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ATH given permission to begin Muir Dean operations

Opencast coal miner ATH Resources is to start work on its Muir Dean project in Fife in spring 2008 after the Scottish Government yesterday overturned the local council's refusal of planning permission.

Opencast coal miner ATH Resources is to start work on its Muir Dean project in Fife in spring 2008 after the Scottish Government yesterday overturned the local council's refusal of planning permission.

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Shares in the company soared 8%, or 18p, to 226p after the company received the go-ahead to start work at the site, which has been five years in the planning.

ATH reckons it can extract two million tonnes of coal from the site, which is five kilometres east of Dunfermline, over the next four-and-a-half years.

An extraction rate of 450,000 tonnes a year is equivalent to a quarter of current output at the AIM-listed company, which has four other mines at sites in East Ayrshire and Dumfries and Galloway. The company also plans to spend 12 months restoring the site and will monitor it for five years afterwards.

In receiving planning permission, ATH has overcome concerns about the welfare of bats, which are a protected species, living in the area of the 181-hectare site. It is analysing the 59-page government report to see if additional requirements have been made.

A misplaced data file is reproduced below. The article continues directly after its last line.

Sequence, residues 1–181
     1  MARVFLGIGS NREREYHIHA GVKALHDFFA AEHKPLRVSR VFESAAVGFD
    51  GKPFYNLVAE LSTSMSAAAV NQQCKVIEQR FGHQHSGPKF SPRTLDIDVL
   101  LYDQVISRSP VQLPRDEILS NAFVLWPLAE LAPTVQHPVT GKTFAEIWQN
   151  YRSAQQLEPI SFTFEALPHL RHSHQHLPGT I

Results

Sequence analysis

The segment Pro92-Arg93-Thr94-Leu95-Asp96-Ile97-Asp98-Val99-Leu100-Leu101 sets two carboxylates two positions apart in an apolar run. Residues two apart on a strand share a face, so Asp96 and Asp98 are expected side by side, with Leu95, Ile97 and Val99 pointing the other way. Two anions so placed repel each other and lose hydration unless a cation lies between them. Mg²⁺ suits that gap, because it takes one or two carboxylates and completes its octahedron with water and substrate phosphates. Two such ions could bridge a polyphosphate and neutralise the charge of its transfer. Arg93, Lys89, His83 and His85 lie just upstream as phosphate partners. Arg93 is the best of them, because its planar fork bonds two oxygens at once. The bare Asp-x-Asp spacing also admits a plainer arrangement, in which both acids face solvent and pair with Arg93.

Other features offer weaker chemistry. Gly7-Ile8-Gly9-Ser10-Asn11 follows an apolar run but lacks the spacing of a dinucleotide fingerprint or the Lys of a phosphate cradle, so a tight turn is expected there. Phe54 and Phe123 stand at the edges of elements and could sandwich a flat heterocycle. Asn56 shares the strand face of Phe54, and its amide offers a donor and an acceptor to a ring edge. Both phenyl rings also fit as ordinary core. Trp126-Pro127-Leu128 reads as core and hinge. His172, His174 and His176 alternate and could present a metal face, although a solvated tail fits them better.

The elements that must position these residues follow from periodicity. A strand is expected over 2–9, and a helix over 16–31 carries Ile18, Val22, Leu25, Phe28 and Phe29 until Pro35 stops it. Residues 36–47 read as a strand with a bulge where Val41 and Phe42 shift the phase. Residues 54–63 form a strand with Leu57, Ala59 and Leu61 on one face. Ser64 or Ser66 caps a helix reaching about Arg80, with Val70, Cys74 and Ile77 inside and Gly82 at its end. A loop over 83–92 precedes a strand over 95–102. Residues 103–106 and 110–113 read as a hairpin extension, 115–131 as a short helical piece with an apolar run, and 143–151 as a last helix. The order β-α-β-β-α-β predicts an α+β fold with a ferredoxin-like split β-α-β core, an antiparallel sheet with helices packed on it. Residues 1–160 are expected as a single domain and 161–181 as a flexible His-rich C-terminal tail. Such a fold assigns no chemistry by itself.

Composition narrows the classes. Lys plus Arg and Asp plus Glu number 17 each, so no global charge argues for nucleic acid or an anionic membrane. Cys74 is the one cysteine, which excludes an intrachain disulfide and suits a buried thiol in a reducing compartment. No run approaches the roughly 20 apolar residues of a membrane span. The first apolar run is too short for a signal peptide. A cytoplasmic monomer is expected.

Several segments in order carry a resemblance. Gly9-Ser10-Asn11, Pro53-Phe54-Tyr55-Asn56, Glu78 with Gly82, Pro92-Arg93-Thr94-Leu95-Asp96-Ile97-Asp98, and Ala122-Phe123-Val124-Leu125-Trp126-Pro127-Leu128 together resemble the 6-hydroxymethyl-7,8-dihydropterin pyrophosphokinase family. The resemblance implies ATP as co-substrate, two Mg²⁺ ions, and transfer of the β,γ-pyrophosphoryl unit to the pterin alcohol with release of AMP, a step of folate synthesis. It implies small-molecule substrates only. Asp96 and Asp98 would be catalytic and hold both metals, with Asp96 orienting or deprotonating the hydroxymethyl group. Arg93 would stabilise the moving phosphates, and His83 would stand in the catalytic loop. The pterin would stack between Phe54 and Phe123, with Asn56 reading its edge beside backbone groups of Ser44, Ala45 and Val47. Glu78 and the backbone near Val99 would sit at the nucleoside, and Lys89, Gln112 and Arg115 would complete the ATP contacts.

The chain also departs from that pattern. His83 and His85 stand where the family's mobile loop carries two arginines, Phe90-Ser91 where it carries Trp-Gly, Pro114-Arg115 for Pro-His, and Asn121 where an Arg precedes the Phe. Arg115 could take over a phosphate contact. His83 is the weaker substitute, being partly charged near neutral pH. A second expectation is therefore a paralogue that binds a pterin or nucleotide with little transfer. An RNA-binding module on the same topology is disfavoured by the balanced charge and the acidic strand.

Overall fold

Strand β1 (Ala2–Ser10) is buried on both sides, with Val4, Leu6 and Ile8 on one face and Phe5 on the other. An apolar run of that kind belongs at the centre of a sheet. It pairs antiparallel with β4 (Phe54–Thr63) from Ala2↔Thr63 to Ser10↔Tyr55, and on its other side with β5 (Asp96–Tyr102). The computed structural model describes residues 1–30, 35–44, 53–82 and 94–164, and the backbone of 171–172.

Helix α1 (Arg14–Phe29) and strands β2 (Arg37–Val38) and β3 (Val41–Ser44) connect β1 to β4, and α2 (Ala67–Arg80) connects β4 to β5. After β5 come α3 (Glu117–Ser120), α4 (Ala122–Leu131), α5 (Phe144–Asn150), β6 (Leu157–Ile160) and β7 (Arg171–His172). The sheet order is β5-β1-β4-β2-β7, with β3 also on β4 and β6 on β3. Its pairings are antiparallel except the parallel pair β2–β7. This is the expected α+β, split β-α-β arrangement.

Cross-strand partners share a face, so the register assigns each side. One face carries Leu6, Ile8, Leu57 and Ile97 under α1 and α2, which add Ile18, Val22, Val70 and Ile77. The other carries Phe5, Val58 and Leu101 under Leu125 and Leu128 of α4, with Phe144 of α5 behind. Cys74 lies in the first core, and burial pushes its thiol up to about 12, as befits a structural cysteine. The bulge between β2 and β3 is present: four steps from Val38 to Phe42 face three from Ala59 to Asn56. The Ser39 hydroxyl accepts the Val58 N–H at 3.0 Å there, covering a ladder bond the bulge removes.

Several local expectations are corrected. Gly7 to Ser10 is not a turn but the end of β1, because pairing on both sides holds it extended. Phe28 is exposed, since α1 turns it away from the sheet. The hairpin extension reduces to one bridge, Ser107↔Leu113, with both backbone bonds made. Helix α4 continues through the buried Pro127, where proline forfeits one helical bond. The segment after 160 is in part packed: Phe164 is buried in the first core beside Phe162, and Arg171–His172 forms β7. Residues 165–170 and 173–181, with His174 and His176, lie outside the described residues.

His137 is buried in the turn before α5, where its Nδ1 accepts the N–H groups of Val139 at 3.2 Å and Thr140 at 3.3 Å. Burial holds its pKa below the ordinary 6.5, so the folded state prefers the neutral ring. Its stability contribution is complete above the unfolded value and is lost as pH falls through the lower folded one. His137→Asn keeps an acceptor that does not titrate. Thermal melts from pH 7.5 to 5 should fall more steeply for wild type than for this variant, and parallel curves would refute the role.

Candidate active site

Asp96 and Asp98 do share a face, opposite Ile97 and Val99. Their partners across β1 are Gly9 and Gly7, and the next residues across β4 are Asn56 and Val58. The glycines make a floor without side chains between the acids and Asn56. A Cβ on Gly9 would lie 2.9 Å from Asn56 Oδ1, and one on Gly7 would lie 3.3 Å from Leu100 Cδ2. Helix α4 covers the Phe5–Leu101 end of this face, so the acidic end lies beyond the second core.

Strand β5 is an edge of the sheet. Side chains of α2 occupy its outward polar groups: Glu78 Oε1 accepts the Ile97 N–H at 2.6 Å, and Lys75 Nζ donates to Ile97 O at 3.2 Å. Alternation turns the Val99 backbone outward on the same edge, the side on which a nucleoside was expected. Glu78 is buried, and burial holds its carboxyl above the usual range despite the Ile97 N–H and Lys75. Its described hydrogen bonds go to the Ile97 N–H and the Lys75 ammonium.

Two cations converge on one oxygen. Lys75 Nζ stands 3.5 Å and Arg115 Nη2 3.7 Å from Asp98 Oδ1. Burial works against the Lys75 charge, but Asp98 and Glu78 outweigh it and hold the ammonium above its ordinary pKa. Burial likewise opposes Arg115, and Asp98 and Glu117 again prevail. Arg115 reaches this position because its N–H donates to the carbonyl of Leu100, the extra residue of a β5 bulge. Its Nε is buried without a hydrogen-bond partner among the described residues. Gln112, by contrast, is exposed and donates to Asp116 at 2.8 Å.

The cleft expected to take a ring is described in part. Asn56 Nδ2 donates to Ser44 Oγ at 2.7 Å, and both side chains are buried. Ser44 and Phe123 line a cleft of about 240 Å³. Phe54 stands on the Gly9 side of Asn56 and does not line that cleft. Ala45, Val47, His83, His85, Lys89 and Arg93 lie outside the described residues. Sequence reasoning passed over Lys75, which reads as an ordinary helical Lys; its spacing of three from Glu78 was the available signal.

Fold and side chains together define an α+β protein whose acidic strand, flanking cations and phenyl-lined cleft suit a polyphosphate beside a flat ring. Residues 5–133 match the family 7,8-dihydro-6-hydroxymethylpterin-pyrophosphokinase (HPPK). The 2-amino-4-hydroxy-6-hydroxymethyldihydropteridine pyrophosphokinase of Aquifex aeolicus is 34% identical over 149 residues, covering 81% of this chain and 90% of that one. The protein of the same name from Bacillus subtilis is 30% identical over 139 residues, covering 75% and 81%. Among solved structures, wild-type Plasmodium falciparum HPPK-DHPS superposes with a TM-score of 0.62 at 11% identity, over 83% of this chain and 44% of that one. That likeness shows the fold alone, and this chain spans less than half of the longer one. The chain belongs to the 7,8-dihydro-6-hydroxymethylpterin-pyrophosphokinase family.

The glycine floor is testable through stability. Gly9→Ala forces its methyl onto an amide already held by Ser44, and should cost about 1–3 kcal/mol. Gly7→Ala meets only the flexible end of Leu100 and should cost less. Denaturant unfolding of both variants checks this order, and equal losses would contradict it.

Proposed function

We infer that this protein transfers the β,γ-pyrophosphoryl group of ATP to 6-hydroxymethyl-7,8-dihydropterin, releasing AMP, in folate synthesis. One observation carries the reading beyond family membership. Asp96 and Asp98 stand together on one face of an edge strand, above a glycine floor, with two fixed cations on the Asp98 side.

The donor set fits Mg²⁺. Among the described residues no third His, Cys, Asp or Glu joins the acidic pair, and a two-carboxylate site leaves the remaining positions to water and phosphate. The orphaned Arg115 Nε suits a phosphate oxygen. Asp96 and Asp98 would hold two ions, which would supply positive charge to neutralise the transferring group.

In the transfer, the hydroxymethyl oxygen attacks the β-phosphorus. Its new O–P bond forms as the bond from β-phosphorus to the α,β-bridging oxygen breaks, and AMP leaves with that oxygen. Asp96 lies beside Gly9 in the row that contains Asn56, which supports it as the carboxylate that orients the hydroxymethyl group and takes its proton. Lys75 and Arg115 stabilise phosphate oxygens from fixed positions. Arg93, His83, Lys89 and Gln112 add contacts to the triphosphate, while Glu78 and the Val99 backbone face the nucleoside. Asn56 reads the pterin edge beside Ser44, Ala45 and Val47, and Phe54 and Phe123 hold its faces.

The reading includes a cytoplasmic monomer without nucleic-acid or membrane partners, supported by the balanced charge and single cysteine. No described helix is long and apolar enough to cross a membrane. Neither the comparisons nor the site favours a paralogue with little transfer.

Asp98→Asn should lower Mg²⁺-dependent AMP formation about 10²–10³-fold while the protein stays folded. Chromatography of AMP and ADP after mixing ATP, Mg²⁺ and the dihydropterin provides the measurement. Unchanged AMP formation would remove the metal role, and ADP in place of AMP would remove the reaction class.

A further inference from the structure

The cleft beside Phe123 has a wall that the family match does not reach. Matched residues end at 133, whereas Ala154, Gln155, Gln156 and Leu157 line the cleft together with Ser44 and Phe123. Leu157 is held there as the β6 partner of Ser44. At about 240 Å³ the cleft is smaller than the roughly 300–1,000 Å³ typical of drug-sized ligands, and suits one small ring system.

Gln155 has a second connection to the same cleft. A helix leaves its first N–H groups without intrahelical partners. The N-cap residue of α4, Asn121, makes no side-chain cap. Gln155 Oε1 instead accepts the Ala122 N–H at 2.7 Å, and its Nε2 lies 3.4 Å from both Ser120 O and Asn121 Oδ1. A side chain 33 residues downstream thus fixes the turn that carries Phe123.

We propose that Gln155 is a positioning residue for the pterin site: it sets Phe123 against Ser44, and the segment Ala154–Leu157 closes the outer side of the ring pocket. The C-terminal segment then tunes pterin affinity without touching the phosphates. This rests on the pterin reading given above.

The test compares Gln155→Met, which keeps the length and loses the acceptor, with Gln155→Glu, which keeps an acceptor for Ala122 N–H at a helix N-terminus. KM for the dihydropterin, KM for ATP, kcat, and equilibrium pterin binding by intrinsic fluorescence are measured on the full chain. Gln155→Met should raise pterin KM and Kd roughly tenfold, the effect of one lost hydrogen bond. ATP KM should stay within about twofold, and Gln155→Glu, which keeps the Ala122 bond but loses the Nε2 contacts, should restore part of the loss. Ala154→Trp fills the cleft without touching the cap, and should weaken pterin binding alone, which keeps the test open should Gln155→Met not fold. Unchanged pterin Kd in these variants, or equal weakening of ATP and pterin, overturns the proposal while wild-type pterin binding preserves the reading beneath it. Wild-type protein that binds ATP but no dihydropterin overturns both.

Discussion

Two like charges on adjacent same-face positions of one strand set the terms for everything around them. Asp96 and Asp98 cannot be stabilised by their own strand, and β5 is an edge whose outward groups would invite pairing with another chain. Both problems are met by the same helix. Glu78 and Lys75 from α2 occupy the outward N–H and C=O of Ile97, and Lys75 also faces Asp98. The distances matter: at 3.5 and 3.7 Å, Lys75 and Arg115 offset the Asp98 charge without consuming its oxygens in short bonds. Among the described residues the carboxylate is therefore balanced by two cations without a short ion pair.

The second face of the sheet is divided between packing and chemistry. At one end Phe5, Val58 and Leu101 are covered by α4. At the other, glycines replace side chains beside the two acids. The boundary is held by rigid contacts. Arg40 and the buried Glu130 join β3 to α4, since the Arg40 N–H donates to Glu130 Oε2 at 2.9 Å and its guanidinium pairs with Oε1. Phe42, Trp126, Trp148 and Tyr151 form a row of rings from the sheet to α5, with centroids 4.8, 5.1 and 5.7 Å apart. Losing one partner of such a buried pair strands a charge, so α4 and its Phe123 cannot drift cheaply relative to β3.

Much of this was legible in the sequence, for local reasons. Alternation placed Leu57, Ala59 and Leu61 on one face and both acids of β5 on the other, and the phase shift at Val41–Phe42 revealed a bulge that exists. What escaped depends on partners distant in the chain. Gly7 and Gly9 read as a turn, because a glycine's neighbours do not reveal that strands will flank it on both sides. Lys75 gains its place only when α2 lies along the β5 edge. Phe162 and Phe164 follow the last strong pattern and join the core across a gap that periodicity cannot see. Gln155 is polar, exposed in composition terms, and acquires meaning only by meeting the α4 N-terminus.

However, ATH has highlighted the benefits of the development to the area. It believes 118 jobs will be created, of which 49 will be directly concerned with the project.

It is also to tackle water issues by introducing a peat bed that will treat waste water from earlier mining developments.

Operations director Alistair Black said: "We have always thought this site to be an excellent development and it does have great potential for ongoing investment in the Fife economy."

The company started working on plans for Muir Dean five years ago and applied for planning permission in November 2005. The appeal was submitted in December last year.

Company chief executive Tom Allchurch said: "We are naturally delighted that the Scottish Executive has ruled in our favour as we believe that the site will have many benefits for the local community. ATH has a proven track record in the successful operation and regeneration of coal sites, and I am confident that Muir Dean will represent a huge success for the local community and environment."

Stuart Crosbie, team leader for legal services, planning and the environment at Fife Council, said: "We have been informed of the decision and we are now considering our position."

ATH could expand further if an application made in August to extract 1.3 million tonnes of coal from a site in Rigg near Kirkconnel in Dumfries and Galloway is approved.

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